High Pressure Processing of Human Milk for Improved Nutrient Retention and Microbial Safety
ABSTRACT Viazis, Stelios. High Pressure Processing of Human Milk for Improved Nutrient Retention and Microbial Safety. (Under the direction of Dr. Brian E. Farkas). Human milk is generally accepted as the optimal nutritional source for infants. Human milk banks govern and oversee the collection, pasteurization, and distribution of human milk to those in need. Currently, Low Temperature Long Time (LTLT) pasteurization (30 min, 62.5 degrees C) is used to assure the safety of banked human milk. Studies have shown that LTLT inactivates pathogens, but also degrades important biochemical components including secretory immunoglobulin A (SIgA) and lysozyme, two of the most noted antimicrobial compounds in human milk. The kinetics of high pressure processing (HPP) favor the reduction of pathogenic microorganisms with retention of nutritional quality. The objective of the first study was to investigate the effects of HPP on SIgA and lysozyme activity in human milk in comparison with LTLT pasteurization. Human milk samples were pressure processed at 400 MPa for 30 to 120 minutes and heat treated at 62.5 degrees C for 30 minutes. An indirect modified Enzyme Linked Immunosorbent Assay (ELISA) and a Micrococcus lysodeikticus turbidimetric assay were performed to measure the activities of SIgA and lysozyme, respectively. Human milk subjected to pressures of 400 MPa for 30, 60, 90, and 120 minutes retained 85.6, 87.1, 80.6, and 75.4% of SIgA activity respectively, while LTLT pasteurized milk retained 51.2% activity. There was a significant difference (p<0.05) between raw human milk, HPP samples, and heat treated samples. High pressure processing of human milk at 400 MPa for 30, 60, 90, and 120 minutes retained 106.9, 96.3, 96.3, and 95.8% activity of lysozyme respectively, while LTLT pasteurization retained 78.8% activity. There was a significant difference (p<0.05) between raw human milk and LTLT pasteurized samples but not with HPP samples. These findings suggest that HPP results in improved nutrient retention of human milk when compared to traditional thermal pasteurization. However, further research was needed to study the process with respect to microbial inactivation. The objective of the second study was to investigate the efficacy of HPP for inactivation of Listeria monocytogenes ATCC 19115, Escherichia coli ATCC 25922, Staphylococcus aureus ATCC 25923 and ATCC 6538, and Streptococcus agalactiae ATCC 12927 in human milk. Human milk samples donated by a local milk bank were pooled and inoculated with each pathogen (108-109 CFU/ml); 0.1% peptone buffer solutions were likewise inoculated to serve as controls. Each sample was subjected to 400 MPa at 21 to 31 degrees C for holding times that ranged from 0 to 50 min, depending on the organism, or to 62.5 degrees C for 0 to 30 min using the capillary tube method. Samples were plated on tryptic soy agar and appropriate selective media for enumeration. In all cases, LTLT pasteurization of all pathogens seeded into human milk resulted in complete inactivation within 10 min. In human milk and in 0.1% peptone buffer, a 6-log10 reduction was achieved after 30 min of HPP treatment for S. aureus ATCC 6538. After 30 min, S. aureus ATCC 25923 was reduced by 8-log10 and 6-log10 in human milk and buffer, respectively. Treatments of 4 min and 7 min resulted in complete inactivation of Strep. agalactiae in human milk and buffer respectively, while only 2 min was necessary for inactivation of L. monocytogenes in human milk (3.5 min for complete inactivation of L. monocytogenes in buffer). Although an 8-log10 inactivation of generic E. coli suspended in buffer was achieved after 10 min of HPP, only a 2-log10 reduction was observed in human milk after the same treatment time. These data suggest that HPP may be a viable alternative for pasteurization of human milk. Further research is needed to evaluate its efficacy in the inactivation of relevant viral pathogens and establish recommended processing times that result in reliable inactivation of all relevant pathogens.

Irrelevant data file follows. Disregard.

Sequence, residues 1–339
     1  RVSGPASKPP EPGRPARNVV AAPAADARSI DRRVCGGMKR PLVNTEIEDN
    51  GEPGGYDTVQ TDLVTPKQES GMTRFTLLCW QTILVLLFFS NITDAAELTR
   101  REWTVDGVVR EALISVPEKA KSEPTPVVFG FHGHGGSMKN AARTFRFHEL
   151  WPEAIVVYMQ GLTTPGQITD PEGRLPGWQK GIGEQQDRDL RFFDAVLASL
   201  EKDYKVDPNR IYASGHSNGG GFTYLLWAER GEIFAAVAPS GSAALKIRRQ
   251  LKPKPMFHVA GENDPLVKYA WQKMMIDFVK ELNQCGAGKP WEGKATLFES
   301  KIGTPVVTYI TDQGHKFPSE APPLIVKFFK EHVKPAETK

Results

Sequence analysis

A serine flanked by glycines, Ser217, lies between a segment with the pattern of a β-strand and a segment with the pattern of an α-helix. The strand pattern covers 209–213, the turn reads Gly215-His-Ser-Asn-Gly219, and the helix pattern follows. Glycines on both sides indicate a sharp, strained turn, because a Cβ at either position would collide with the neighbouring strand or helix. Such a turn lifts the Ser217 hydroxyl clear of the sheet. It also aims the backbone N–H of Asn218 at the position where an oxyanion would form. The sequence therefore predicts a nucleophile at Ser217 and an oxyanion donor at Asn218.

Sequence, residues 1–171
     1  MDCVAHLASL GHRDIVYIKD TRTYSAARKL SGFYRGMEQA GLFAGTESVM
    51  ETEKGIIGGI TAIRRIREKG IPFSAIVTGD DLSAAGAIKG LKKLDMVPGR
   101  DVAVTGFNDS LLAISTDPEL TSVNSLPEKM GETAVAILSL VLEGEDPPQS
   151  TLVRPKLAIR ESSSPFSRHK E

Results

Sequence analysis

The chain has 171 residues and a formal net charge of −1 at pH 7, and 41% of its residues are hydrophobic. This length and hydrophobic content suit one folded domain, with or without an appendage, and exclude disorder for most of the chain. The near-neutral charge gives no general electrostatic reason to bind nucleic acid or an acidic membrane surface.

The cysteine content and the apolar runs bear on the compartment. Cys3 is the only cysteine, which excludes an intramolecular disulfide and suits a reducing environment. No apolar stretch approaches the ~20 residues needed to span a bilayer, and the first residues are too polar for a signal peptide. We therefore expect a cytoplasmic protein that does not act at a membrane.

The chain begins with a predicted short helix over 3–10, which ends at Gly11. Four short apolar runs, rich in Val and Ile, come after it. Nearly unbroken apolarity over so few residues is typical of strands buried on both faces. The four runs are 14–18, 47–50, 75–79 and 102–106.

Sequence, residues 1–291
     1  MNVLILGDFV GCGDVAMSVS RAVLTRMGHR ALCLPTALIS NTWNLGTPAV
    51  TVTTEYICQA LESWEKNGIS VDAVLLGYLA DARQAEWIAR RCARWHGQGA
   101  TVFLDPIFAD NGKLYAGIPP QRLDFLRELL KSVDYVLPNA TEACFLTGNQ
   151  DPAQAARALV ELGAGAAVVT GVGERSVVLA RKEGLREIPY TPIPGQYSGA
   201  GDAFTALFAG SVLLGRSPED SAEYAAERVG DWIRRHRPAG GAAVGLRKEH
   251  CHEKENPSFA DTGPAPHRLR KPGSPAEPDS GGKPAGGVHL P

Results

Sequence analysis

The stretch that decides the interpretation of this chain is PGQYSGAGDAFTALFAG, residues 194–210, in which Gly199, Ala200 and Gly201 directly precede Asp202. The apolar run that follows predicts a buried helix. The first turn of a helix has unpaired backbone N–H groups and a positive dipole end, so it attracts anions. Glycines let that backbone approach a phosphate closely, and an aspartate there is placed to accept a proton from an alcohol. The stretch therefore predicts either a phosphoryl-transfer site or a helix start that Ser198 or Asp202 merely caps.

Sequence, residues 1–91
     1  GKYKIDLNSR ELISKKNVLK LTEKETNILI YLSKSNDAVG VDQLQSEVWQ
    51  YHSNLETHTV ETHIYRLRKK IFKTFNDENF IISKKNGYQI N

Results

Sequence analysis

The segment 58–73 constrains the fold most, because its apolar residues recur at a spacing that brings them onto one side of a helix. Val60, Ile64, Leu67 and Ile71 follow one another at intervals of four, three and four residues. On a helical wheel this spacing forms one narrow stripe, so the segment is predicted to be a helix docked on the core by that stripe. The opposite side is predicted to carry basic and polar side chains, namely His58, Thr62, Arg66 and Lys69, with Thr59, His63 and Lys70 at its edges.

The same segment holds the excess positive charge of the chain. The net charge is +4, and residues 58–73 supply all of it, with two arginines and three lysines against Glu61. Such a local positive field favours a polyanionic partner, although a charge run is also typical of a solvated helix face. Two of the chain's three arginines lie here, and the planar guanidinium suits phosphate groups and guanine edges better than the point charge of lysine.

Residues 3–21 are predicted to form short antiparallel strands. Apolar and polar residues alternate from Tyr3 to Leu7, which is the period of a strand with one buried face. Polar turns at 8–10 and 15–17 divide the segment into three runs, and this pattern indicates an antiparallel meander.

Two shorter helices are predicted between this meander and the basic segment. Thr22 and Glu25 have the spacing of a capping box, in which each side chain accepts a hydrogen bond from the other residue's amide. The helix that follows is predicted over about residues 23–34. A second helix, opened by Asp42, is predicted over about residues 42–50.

Advisor:Dr. Brian E. Farkas; Dr. Lee-Ann Jaykus; Dr. Jonathan C. Allen
School:North Carolina State University
School Location:USA - North Carolina
Source Type:Master's Thesis
Date of Publication:08/04/2006